Judgment No. HB 63/13
Case No. HC 522/13
X REF HC 504/13; 505/13; 4182/12; 665/10;
HB-229-12 & SC 380/12
CHIEF GAMPU SITHOLE
GAMPU TOURS (PVT) LTD
KENNEDY C. NDLOVU
THE DEPUTY SHERIFF OF BULAWAYO N.O.
IN THE HIGH COURT OF ZIMBABWE
BULAWAYO 12 AND 14 MARCH 2013
C.N. Dube for the applicants
M. Ndlovu for the 1st respondent
Urgent Chamber Application
MUTEMA J: The 1st respondent sued the applicants under case number HC 665/10 vicariously, jointly and severally, the one paying the other to be absolved for damages suffered by him as a result of a road traffic accident allegedly occasioned by the applicants’ employee who was the driver of the applicants’ motor vehicle at the relevant time allegedly during the course and scope of the driver’s employment. The accident occurred on 11 May 2007. The driver was also a defendant in the suit but could not be served with the summons as he had relocated to South Africa. After a contested trial, CHEDA AJ on 15 November 2012 found for the 1st respondent in case number HC-229-12 and awarded him damages in the sum of $16 000,00 against both applicants jointly and severally plus costs of suit. The parties were represented by their current respective legal practitioners.
In November, 2012 the applicants lodged an appeal against CHEDA AJ’s judgment under cover of case number SC-380-12. On 24 January, 2013 1st respondent obtained a default judgment in case number HC 4182/12 granting him leave to execute the judgment in HB-229-12 pending appeal.
On 25 February, 2013, under case number HC 504/13 applicants filed an application for rescission of judgment granting 1st respondent leave to execute pending appeal in HC 4182/12. Applicants simultaneously filed an application under case number HC 505/13 for condonation for failure to file their opposing papers timeously in case number HC 4182/12. Both applications are being opposed.
Following the grant of leave to execute pending appeal, 1st respondent instructed the deputy sheriff (2nd respondent herein) to attach applicants’ Toyota Land Cruiser registration number AAX 6474 which was done on 25 February 2013 with the notice of removal set for 28 February, 2013.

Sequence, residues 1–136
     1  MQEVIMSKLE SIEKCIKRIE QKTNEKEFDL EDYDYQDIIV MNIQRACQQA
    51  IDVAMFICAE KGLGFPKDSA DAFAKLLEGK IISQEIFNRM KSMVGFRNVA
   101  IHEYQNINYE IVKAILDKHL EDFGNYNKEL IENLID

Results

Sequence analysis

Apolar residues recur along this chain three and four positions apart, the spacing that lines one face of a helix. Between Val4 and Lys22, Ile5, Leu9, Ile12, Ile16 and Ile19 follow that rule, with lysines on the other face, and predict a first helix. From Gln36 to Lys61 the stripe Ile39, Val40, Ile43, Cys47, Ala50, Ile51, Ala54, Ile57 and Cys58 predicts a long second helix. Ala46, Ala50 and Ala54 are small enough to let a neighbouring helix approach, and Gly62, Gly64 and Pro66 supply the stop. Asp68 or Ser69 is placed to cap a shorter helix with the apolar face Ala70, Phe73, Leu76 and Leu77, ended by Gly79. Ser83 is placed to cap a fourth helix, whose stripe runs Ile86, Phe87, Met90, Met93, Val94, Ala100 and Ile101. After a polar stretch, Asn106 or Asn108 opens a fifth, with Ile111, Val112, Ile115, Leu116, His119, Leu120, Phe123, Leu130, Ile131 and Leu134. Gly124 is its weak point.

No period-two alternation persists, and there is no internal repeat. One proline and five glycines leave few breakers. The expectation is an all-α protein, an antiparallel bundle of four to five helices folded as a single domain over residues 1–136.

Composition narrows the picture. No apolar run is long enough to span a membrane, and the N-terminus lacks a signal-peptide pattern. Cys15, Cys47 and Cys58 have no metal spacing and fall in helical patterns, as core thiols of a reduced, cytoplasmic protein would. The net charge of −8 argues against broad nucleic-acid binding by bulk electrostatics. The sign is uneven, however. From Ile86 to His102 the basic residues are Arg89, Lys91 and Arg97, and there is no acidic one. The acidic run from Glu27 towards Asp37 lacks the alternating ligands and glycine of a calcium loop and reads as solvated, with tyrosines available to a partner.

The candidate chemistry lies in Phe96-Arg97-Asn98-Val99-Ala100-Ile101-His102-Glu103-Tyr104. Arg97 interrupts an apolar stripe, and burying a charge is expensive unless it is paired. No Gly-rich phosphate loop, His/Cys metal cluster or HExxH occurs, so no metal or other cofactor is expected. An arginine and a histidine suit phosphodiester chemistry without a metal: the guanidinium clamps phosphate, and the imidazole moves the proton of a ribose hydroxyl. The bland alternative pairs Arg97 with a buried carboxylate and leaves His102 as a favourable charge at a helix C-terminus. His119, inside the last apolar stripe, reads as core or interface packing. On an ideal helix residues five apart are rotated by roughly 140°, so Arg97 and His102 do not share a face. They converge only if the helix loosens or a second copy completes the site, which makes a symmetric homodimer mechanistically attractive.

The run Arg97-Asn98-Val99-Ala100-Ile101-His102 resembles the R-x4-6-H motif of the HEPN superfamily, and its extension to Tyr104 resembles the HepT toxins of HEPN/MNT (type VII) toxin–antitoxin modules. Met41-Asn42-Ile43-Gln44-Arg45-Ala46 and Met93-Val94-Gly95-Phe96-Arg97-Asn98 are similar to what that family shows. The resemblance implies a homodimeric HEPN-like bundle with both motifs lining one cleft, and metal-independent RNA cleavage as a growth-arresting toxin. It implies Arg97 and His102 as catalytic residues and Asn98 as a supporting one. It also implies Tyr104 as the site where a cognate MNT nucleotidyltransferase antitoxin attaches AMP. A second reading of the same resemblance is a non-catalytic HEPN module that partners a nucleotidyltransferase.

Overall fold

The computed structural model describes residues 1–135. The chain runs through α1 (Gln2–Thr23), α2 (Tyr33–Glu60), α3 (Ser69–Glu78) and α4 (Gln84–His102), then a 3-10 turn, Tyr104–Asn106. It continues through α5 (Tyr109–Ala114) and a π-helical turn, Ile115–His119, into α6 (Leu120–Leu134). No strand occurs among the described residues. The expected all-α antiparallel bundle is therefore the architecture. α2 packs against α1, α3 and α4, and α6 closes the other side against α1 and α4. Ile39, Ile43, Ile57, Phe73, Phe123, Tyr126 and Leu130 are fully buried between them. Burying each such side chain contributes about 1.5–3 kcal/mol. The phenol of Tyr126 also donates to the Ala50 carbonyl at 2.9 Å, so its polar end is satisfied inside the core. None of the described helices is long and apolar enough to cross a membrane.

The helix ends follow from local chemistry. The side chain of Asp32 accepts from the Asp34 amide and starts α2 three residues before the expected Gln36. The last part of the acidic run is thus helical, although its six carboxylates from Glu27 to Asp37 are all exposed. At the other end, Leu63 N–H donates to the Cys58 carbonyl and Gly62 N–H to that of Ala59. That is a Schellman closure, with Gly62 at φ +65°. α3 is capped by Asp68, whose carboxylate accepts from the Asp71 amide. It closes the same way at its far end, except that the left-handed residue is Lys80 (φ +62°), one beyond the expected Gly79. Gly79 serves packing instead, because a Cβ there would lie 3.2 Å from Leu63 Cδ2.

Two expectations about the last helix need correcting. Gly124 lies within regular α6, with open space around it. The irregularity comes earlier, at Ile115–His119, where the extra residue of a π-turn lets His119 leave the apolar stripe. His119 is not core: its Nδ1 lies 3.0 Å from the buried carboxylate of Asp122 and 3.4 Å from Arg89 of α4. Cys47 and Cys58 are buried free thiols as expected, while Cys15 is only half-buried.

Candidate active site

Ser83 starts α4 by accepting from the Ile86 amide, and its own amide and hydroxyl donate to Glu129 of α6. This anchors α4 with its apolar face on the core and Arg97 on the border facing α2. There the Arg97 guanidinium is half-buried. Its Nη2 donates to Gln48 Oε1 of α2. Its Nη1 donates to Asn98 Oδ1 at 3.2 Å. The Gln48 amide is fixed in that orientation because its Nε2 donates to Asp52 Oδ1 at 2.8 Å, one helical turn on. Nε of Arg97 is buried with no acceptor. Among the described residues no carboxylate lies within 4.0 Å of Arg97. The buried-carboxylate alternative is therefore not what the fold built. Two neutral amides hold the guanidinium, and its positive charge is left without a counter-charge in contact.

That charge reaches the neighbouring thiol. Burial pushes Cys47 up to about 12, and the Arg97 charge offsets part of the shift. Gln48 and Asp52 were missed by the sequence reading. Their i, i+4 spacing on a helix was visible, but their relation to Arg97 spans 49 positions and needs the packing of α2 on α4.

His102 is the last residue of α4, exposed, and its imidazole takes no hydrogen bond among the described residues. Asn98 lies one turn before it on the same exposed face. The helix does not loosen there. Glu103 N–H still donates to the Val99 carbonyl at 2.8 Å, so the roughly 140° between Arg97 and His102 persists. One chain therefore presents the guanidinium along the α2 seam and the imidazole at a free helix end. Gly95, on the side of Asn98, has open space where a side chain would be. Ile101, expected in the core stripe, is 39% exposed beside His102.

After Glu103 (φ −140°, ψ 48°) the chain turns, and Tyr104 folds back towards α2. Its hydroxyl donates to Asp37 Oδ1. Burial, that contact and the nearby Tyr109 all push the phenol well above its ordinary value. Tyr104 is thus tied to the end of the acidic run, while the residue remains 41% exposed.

It is this attachment that has engendered this urgent chamber application whose draft provisional order is couched in these terms:
“Terms of final order sought
Whereupon after reading documents filed of record:
It is ordered:-
That you show cause to this honourable court why a final order should not be made in the following terms.
Final order sought
1. The execution of judgment under 665/10 be and is hereby stayed until the finalization of case number SC 380/12 and case number HC 504/13.
2. The 1st respondent pays costs of suit on an attorney – client scale.
Interim relief granted:-
Pending the confirmation or discharge of this provisional order the applicant (sic) is granted the following relief:-
1. The execution of the writ of execution under case number 665/10 be and is hereby stayed pending the finalization of case number HC 504/13 being the applicants’ application for rescission of judgment and case number SC 380/12, being the applicants’ appeal at the Supreme Court.
2. The respondents be and are hereby interdicted from removing and selling applicants’ Toyota Land Cruiser registration number AAX 6474.